It is trite that anyone elected to parliament knows their duty is to work for the community - it is not a licence to further their own interests, those of friends, or of a political party they join. The duty is not, however, defined - the constitution is silent on the matter and so is the oath of office. They must, therefore, do this for themselves - they must develop a sense of their duty in order to justify the decisions they make to themselves, to those who elect them, and to the nation at large.
On September 7th last year Tony Windsor, Independent member for New England and a popular and respected politician, explained to Bernard Keane, Crikey political commentator, why he would vote against same-sex marriage:
On a number of bases, really. The electorate from whence I came, I've done some pretty heavy polling in terms of what their view is, and it's fairly strongly against gay marriage and I have a view, for what it's worth, that marriage is between a man and a woman. There has been some criticism in the electorate of that particular view. But if, in fact, it's what we're voting on, that's the way in which I'll vote.
He would vote against reform then, because he himself thought it was wrong and polls showed his electorate shared this view. Despite this, on April 29 this year the Sydney Morning Herald reported he was proposing a referendum, at a time when national polls showed 60 to 70 % of the public supported same-sex marriage. On the same morning Fran Kelly, on Radio National Breakfast, asked him 'Why … what's the value in that? Isn't it the job of the politicians to decide an issue like this?
Well, it is. But … politicians get captive to various interest groups, whether that be part of the electorate or their cultural or religious backgrounds. … when I vote on these so-called conscience issues, I try to go to the conscience of the electorate, and when I voted on these issues in the past, I voted against same sex marriage, because I believed that's probably what the electorate of New England would want me to do, but a lot of other parliamentarians vote on what their own conscience is. Well, I think the only way to resolve that is for everybody's conscience to have a go rather than, in my case, representing what I believe the electorate would want me to do.
SMH political reporter Heath Aston reported on the same day that Windsor's personal view was also changing; he had been 'leaning toward reform' after witnessing a civil ceremony which was 'possibly the most sincere and meaningful occasion' he had seen; so much so that, if there was now a Parliamentary vote, 'I'd have to have a really hard think about it. But that ceremony had an impact on me. I'd probably vote for it.' A rare example, it seems, of an honest and conscientious politician trying to clarify a sense of his duty and square it with an evolving sense of respect for the dignity and humanity of gays.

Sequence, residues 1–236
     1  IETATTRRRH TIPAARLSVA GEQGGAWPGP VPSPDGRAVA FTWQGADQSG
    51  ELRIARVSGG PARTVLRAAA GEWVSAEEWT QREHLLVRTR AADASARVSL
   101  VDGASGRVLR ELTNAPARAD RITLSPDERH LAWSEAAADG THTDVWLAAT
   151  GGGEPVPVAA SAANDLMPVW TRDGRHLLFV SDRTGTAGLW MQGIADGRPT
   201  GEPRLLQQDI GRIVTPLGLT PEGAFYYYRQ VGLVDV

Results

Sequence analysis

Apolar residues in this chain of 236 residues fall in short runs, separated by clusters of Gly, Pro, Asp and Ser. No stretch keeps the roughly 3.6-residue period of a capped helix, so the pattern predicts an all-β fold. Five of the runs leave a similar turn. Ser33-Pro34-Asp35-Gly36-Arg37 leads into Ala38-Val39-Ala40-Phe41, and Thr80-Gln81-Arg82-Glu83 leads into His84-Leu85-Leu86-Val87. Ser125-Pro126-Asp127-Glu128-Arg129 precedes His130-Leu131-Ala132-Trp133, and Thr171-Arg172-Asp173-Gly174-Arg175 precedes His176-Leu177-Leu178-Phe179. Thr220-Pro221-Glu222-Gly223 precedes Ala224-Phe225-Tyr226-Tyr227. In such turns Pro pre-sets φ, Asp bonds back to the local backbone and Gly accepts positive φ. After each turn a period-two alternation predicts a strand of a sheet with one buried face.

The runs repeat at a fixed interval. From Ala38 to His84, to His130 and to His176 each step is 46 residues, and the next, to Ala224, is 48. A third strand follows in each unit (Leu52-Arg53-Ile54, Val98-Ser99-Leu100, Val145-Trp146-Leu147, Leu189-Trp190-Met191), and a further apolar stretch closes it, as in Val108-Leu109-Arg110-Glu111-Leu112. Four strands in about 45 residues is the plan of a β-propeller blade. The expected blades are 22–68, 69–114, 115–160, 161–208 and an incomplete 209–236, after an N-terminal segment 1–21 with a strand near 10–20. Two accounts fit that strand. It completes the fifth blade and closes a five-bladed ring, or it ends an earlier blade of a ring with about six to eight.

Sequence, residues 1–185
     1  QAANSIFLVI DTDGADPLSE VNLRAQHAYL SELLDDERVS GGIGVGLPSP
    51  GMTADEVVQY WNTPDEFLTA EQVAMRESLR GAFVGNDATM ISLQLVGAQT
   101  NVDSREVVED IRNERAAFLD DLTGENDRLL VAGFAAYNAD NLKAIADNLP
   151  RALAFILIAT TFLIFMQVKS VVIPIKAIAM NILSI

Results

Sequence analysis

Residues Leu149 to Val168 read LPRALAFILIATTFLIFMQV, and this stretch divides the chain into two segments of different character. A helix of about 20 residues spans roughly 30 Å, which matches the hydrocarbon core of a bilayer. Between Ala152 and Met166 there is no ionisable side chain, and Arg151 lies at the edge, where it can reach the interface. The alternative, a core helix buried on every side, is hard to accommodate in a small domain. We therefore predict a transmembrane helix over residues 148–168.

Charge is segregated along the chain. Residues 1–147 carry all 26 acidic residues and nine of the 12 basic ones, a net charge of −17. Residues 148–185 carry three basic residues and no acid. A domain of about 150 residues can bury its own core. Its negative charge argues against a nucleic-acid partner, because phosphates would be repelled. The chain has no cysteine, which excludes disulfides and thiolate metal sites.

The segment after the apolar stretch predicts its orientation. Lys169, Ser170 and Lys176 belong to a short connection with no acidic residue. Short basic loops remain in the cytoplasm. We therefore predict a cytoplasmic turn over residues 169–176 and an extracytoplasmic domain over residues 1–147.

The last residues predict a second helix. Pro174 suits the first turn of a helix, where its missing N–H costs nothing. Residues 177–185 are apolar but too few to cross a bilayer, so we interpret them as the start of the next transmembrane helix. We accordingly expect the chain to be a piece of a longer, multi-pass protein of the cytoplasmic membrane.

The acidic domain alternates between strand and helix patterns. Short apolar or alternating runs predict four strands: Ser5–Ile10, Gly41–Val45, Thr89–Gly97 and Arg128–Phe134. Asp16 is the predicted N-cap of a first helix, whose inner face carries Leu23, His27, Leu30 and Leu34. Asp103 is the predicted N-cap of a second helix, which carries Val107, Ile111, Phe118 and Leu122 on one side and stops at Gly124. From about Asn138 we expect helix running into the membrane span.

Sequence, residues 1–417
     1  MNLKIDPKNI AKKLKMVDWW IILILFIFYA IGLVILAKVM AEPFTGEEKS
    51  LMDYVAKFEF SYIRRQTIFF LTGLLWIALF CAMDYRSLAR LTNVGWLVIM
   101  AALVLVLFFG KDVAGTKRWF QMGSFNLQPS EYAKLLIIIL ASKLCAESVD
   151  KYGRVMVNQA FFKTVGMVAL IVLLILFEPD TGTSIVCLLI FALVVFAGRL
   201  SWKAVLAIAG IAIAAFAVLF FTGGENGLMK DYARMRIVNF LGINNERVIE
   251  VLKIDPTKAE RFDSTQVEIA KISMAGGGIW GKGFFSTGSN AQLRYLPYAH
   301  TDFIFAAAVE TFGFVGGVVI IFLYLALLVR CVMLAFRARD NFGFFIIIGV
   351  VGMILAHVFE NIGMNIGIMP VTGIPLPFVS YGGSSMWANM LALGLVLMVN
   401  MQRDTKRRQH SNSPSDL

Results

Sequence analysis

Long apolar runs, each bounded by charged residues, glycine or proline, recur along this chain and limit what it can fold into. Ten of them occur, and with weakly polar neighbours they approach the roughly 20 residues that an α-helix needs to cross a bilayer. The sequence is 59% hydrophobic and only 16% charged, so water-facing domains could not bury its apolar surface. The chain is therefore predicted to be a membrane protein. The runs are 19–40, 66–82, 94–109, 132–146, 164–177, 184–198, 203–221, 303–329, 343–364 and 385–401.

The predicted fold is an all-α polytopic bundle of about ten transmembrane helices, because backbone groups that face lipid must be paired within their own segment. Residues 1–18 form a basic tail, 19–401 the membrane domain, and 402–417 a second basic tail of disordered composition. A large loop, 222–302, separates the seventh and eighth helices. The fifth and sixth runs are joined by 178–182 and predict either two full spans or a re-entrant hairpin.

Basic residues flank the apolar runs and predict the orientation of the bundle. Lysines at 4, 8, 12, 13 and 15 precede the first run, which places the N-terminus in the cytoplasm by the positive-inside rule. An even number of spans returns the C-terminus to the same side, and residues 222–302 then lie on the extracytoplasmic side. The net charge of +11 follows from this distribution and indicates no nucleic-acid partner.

But there is a chronic and unresolved ambivalence because he has just explained why he will not act on a personal view; instead he will act on 'everybody's conscience' which, if you think about it, means acting with no moral compass at all, simply trying to ascertain and follow public opinion. Accordingly, if he had been a member in 1973 when former Liberal Prime Minister John Gorton put a private member's bill to support reform of homosexual laws, he would vote against it in line with public opinion, even though party leaders had allowed a free vote, and despite evidence this opinion was changing.
This is puzzling but gets worse. When Fran Kelly asked whether, if Abbott won the election and permitted a conscience vote, he would still vote against same-sex marriage, he said he 'probably' would, because
… the electorate isn't in favour, and I've actually polled the electorate and, that's, I see my role as not being my conscience, you know, if it was left up to me, in the referendum, my conscience, I'd vote how I think …, that's the way our system works. The people are there to try and gauge the views of their electorate.
This makes no sense at all; he has just explained that a referendum would allow all views, not just those of his constituents - to count. But public polling - which he himself uses to find out what electors think - is the next best evidence of 'everybody's conscience' - hence the next best interpretation of his guiding principle. So why give up the principle (which argues for reform) and regress to a conservative New England view?
Outside 'conscience issues', Windsor's philosophy is classical Edmund Burke - he will act on behalf of constituents in the interests of the nation. He will rely on his judgment and conscience because his duty is to serve their interests not simply do their bidding. He will listen to their opinions but not defer to their wishes; he will act in this way because he is their representative not their delegate.
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